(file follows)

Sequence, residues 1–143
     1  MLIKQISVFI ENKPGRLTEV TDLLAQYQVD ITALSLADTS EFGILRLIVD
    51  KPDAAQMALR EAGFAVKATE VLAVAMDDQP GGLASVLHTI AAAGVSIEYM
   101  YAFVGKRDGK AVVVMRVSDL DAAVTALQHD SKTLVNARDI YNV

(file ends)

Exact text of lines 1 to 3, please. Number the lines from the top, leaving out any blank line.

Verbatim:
Sequence, residues 1–143
     1  MLIKQISVFI ENKPGRLTEV TDLLAQYQVD ITALSLADTS EFGILRLIVD
    51  KPDAAQMALR EAGFAVKATE VLAVAMDDQP GGLASVLHTI AAAGVSIEYM